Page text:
Tuesday, November 10, 2009

See What the Kid Can Do

He is 30, shrewd and handsome, a smart guy. He’s made millions by his wits, and he just lost everything. This time next week he’ll be sleeping on the floor of a friend’s house. The economy is bad. No opportunities are visible. Rock bottom. Back where he started and out of hope. I meet similar dire predicaments several times a month, and my sympathy lies lukewarm between my client and me. I know what this is, and any nice noises will only hurt him. I’m not being cruel; I’m waiting to see what he’s made of.

Suspend for a moment any belief you have about destiny, God(s), self-will, or how the universe works. Indulge my fantasy. Imagine we all have about a half dozen people somewhere out there watching over us. They are like us but older, been-there-done-that, no-nonsense. (You see them all the time at breakfast places, waving unlit cigars, kibitzing. Who knew these were really celestial power brokers?)

Say this group of smart guys, none of them under 60, is the guardian group of my smart guy, and they’re watching his tragedy unfold.

“Oomph,” they all groan as he takes his body blows. They have similar memories and scars, but no one reaches out to lift him up. They sit there, intent, tight in the shoulders, silent. The head smart guy takes out his cigar, leans forward, and gruffs, “Let’s see what the kid can do.” And they watch.

We can have lucky lives. Jobs appear out of nowhere. An unexpected raise lifts our noses from the want ads. Even a downsizing can net us the capital to start that home business. But every single life has moments that lay us down for the count. Suddenly, you can’t find any job. Or, you’ve screwed up and you’re afraid you’ll get fired. Or, you can’t seem to get back on the yummy side of the organizational scorecard. All your best-faith efforts turn to dust in your hands. You are not — as some people wonder — being singled out and punished for some past-life deed. You have not used up your luck. But this is a test, I firmly believe, to see what you’re made of. How do you handle adversity? What actions will you take when you see no way out? How will you crawl out of this hole?

The smart guys watching you want you to succeed, but they realize the strengthening nature of scar tissue on the knees. They understand the character that can be developed when you shove fear, anger, self-righteousness, and hopelessness aside. They know that, at the end of the day, no matter how many resources you have, it’s up to you and nobody else to make “better” happen. Old smart guys know they learned the most from their failures and recoveries.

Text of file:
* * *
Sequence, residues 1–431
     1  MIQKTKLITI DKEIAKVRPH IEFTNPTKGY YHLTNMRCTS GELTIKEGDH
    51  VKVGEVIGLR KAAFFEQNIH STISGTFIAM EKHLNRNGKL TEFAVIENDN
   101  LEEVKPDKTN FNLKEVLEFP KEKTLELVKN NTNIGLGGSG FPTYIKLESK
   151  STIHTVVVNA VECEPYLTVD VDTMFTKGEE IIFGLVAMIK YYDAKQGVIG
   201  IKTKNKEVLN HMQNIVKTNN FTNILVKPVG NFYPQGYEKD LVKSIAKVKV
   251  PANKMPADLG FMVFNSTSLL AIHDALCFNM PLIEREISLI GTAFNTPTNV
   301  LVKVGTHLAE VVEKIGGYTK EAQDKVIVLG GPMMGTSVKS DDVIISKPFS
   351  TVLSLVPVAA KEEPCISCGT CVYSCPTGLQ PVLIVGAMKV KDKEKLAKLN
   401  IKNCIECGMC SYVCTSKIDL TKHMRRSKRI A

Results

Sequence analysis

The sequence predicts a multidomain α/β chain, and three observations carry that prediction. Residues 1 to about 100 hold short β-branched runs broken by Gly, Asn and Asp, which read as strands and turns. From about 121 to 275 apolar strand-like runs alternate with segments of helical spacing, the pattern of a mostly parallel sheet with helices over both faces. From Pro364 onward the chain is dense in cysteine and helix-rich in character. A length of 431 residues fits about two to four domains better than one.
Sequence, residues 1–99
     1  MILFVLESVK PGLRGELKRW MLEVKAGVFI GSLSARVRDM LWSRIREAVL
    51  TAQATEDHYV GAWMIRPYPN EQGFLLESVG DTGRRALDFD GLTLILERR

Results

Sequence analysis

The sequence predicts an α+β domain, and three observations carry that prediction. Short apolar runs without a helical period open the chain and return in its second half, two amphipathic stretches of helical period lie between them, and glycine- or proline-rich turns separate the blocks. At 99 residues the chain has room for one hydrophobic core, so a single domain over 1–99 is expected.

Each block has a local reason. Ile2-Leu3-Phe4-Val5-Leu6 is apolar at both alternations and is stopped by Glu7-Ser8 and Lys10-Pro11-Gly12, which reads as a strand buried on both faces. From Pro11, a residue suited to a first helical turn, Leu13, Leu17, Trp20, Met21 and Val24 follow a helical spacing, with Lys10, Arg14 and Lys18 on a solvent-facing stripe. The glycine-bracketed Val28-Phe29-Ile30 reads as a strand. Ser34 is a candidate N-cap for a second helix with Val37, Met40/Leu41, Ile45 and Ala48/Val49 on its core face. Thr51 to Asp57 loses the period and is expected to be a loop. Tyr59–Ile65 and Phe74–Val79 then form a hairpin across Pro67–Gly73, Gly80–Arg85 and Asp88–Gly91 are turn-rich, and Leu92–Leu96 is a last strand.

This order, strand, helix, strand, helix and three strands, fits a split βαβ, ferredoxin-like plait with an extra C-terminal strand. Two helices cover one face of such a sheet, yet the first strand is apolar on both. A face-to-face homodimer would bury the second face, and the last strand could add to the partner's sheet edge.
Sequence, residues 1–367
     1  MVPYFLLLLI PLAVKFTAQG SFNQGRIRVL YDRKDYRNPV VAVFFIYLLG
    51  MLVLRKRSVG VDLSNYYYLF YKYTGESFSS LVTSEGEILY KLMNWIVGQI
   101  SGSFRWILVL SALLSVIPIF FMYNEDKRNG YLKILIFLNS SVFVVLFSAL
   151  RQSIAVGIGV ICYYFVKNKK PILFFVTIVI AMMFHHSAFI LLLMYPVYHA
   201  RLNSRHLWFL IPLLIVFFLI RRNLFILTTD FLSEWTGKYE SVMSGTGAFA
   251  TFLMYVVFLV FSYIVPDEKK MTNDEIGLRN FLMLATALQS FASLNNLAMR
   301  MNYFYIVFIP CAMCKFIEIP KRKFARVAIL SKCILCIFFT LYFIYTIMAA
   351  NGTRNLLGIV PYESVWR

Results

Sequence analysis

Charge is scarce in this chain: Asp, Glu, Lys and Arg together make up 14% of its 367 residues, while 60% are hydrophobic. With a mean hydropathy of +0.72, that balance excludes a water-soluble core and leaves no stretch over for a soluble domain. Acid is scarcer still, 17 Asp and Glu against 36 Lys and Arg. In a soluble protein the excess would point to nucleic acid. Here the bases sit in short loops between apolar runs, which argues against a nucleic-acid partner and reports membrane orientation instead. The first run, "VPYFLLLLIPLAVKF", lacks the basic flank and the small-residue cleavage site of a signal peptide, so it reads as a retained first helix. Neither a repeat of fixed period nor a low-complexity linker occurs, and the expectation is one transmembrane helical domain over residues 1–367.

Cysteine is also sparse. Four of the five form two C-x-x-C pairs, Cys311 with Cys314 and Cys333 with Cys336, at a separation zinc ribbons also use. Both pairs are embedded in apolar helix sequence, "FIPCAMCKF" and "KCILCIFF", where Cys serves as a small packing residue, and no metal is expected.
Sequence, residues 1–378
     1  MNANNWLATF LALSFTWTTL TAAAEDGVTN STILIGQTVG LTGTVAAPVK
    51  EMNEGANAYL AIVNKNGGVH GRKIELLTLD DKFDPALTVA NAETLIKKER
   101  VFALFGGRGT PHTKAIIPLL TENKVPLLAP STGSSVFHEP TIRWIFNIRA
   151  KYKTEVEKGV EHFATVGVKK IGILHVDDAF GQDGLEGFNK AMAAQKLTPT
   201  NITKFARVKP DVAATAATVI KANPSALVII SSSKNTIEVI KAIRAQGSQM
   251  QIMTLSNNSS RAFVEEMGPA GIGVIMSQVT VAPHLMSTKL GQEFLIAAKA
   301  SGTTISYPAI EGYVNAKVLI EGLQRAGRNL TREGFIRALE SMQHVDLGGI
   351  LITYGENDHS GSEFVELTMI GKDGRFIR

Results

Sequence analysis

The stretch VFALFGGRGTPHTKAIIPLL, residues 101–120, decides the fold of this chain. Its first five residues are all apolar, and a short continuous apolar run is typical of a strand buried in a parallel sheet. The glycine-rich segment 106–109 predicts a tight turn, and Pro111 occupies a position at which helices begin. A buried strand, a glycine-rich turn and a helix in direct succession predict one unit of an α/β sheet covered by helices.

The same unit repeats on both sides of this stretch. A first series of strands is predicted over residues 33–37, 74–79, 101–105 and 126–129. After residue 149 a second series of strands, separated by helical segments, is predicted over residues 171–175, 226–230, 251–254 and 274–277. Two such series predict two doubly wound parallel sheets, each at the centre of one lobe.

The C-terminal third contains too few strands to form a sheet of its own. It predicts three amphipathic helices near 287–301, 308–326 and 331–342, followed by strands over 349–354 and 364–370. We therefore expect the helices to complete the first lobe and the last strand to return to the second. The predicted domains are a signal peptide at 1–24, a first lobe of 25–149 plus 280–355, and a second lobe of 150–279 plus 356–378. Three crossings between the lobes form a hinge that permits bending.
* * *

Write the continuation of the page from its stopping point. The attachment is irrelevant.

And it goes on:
What do you do to get going again?

1. Set your “get-over-it” clock. These truly were body blows. Check your spirit in the morning. If you’re full of your misfortune, then set a timer for how long you’ll let yourself feel bad today. When the bell dings, put on your can-do cloak and head out into the day. You might as well take a positive attitude with you.

2. Look around for any hope that might be lying around. You might see a goal you’ve overlooked. “Why not now?” could be your response this time when the ideas pop up that you have said “No way” to before.

3. If you have no goals, go ask smart guys you know. See if their ideas link up with who you are.

4. If you don’t know smart guys, try a coach or counselor. Your ideas may be buried deeper than you thought; and these folks can help you feel better about yourself and more confident on your journey.

5. Pray. Now is the time to seek help from the highest places. Don’t overlook this resource. But don’t just wait to see what the deity will do. You have to get moving.

6. If you still have nowhere to turn, then start anywhere. Get out of your house. Drive around. Have coffee. Go to the library. If you’re truly a smart guy, you’ll be like a dowser who takes a forked twig and wanders till he feels a pull toward the earth, a sign that water is below. Smart guys and dowsers have a lot in common. They don’t know where the opportunity lies, but getting out and wandering around gets the job begun. When you look for what’s you and eliminate what’s not, you begin to feel pulled. Do not, however, consider this your major strategy. Goals and thoughtful action work better every time.

7. Get up. Whatever you decide to do, just get up. And get up every day, even if it feels like you’re flapping on the bottom of the ocean. Be determined not to let this define you or beat you. Countless others before you have experienced this same lousy deal, and they all learned that the fighting they did built their core, taught them valuable lessons and, curiously, gave them gifts. They certainly learned what they were made of .

The path lies long and rocky ahead of you, but I’ve seen hundreds of people rise up out of despair. I know you have what it takes to do what you have to do. My client did. He had only to look behind and see the mountains he had already climbed and test out his calloused hands to realize he had the necessary energy, courage, character, resilience, toughness and ability, and no other options. It took him a year to make real progress, but he got back in the game and started climbing. That’s what smart guys (who are also women) do. So can you. Show the other smart guys what this kid can do.


Anonymous said...

anseaseGreat post. I, too have experienced my share of body blows. I think I have followed every step you laid out at some point. I find it necessary to seek the advice and counsel of the smart guys (and women.) These are some of the most valuable relationships I have.

Anonymous said...

Great post. I, too have experienced my share of body blows. I think I have followed every step you laid out at some point. I find it necessary to seek the advice and counsel of the smart guys (and women.) These are some of the most valuable relationships I have.